A: Search for "Approved Guardianship Attorney" on the State Bar of Texas website. Hire one in your area (many also practice in counties adjacent to that in which they are registered). Have a Physician's Certificate of Medical Examination completed (available on the Travis County Probate Court website). Apply to become the guardian of your sister's estate. If she lacks legal capacity, you can be appointed, post a bond and sell her property to pay for her care. If she does not lack legal capacity, ask her to sign a Durable Power of Attorney before a notary, record it in the county deed records and sell her property.
Q. Could I have the right to appeal if hours of support we're not enough?
A: I am very sorry that home health care is so limited. Because it is, people like your mother who cannot pay privately for care 24/7 wind up in a nursing home, usually qualifying financially for Medicaid within six months. Talk with her physician about both the severity of her dementia and whether he thinks she is able to perform all six of the "activities of daily living" without "substantial assistance."
Q. Mom is in temp rehab. My sister says if i want hot water i need to pay for it. Why she has poa over mom the house etc
A: Whether your sister has the right to require you to pay utilities depends on when the DPOA takes effect and what it says. You might do well to get a written lease and apply to your city for low income heat and and power assistance (LIHEAP).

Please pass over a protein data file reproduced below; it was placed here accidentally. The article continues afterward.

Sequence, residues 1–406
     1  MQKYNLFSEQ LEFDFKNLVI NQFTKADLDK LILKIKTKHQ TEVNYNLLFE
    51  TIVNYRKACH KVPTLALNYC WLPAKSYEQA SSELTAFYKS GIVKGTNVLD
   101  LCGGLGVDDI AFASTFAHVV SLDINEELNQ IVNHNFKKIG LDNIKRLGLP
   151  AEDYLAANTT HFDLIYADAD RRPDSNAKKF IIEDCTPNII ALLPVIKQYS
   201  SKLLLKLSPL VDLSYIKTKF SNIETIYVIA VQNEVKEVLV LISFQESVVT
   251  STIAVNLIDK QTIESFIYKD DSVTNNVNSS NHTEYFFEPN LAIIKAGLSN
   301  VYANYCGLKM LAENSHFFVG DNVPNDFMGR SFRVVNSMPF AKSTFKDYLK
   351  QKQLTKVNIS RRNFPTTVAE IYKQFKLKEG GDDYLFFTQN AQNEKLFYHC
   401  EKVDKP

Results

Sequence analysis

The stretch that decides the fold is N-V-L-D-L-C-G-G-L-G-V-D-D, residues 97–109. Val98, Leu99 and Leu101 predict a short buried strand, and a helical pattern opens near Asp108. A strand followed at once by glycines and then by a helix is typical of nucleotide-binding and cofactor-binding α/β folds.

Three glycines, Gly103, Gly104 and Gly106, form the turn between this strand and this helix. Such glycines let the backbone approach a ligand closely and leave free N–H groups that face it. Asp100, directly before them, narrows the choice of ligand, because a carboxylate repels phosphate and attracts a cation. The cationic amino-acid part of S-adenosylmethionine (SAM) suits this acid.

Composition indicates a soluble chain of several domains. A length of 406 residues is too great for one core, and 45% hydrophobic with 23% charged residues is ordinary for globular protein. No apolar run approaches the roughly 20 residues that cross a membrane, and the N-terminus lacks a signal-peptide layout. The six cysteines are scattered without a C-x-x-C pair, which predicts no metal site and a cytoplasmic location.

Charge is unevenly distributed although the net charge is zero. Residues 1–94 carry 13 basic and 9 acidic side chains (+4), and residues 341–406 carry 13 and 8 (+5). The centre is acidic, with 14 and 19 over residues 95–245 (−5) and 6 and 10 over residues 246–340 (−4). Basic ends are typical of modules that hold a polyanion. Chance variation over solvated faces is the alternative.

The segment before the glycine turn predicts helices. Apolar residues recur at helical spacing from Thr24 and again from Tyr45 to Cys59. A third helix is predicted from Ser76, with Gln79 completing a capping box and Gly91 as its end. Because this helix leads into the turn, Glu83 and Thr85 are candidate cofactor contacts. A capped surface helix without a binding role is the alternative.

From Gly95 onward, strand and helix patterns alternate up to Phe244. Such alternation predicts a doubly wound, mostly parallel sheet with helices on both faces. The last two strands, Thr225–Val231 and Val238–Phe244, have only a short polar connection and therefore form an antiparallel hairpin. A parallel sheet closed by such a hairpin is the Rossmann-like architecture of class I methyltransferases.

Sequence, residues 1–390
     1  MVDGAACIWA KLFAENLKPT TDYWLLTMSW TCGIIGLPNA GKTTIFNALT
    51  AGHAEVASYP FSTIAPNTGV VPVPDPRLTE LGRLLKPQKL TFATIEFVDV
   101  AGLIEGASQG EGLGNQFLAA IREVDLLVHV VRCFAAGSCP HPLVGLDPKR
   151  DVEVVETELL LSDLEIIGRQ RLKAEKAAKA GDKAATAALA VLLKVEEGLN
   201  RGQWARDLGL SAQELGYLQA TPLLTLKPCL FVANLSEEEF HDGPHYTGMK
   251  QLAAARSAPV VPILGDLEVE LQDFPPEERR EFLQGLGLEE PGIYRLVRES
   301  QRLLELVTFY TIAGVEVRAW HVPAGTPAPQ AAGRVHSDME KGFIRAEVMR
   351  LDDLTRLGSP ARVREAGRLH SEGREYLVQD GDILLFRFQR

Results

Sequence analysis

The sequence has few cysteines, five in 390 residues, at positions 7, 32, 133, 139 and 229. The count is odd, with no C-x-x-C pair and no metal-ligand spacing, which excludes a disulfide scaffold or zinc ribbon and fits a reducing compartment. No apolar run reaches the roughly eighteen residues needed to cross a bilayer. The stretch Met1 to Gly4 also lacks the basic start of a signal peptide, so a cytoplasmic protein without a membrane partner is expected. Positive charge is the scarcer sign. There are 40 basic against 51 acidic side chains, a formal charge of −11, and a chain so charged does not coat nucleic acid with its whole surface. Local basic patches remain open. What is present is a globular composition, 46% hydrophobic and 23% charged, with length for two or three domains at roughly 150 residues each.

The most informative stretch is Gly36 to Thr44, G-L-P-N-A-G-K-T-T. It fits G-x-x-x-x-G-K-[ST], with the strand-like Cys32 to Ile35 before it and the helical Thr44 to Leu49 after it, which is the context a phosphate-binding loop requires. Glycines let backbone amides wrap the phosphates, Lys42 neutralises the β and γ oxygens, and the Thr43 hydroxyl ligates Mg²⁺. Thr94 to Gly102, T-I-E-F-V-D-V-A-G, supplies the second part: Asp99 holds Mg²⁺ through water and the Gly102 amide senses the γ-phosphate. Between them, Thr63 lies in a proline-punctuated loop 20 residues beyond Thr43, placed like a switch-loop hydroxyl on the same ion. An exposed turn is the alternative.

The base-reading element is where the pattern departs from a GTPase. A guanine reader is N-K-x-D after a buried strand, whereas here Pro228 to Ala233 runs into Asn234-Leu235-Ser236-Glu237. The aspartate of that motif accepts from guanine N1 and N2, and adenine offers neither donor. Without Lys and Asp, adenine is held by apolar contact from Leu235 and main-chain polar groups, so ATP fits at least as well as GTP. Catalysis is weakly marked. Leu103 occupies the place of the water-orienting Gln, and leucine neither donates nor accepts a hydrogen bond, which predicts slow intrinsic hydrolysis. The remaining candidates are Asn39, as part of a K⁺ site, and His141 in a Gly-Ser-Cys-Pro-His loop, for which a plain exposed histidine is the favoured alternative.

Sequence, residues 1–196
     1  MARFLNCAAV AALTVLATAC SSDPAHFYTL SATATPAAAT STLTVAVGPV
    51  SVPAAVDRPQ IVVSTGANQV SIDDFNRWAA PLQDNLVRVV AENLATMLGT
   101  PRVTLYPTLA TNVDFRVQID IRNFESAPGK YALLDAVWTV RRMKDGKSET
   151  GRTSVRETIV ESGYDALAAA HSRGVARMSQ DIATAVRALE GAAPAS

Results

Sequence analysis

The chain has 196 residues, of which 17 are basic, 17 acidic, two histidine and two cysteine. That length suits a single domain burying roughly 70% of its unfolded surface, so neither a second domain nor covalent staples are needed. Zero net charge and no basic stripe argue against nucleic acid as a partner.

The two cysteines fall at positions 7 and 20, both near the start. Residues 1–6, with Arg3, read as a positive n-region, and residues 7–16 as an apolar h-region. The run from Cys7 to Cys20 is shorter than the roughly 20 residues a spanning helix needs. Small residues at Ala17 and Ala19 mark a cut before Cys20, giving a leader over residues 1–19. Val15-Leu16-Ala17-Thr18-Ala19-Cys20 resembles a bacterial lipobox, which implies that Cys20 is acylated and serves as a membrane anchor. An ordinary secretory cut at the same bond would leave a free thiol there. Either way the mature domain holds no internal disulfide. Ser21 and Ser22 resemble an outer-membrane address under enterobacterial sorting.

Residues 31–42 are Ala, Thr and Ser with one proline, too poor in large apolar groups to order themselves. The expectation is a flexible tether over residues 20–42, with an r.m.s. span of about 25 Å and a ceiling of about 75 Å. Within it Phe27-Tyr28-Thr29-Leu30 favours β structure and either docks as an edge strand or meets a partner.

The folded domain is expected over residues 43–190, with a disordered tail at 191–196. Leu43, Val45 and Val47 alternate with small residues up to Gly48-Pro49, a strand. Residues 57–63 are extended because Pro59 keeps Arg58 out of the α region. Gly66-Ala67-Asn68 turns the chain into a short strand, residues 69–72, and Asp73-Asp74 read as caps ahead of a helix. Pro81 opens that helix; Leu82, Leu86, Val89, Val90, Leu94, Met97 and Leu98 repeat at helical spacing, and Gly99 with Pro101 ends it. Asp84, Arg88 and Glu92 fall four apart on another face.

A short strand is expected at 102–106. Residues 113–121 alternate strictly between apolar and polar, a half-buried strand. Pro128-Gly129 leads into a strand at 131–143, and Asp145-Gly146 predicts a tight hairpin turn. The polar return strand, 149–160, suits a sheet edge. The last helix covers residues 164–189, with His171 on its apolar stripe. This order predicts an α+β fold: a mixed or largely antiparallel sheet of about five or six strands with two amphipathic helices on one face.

Q. Nothing is mentioned in either will that siblings got anything. His will to me left me everything. His will from his
A: It is not clear what you question is. A valid Will governs -- but must be submitted to the probate court to be effective.
Q. Both my parents have been on Nursing home medicaid for 8 months and still own a home. What will happen if they sell it.
A: In Texas the home is exempt as long as one states that one has an intent to return. Not so the proceeds from selling it. It is also hard to claim an intent to return to a home one has never lived in. Whether your parents contemplate the "half a loaf" approach you suggest or a lease which would require the tenant to pay all expenses (families usually wind up paying the property tax), they should consult with an elder lawyer to make sure that it is done right. For one in your area, trying the Find a Lawyer function on the website of the National Academy of Elder Law Attorneys (
Q. My husband died in Jan 2016 and left everything to me. In Dec 2017 his sister died and left my husband in her will.Mine?
A: Probably not. It depends on what the Will says. Wills usually leave things to the siblings or the children of someone who predeceases the testator.
Q. Do I need a lawyer to probate I'm the father of my daughter if both her and mother passed?
A: The insurance company is not likely to pay you the insurance unless you receive a judge's Order in either an Affidavit of Small Estate or a Determination of Heirship and Issuance of Letters of Administration. You may be able to file an Affidavit of Inability to Pay Costs to get the court costs waived. You may be eligible for free legal representation through the local Volunteer Legal Services or for "modest means" representation through the local Lawyers Referral Service.
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Contact & Map
The Garrett Law Firm, PLLC
4408 Spicewood Springs, Suite 413
Austin, TX 78759
Telephone: (512) 800-2420
Fax: (512) 870-9260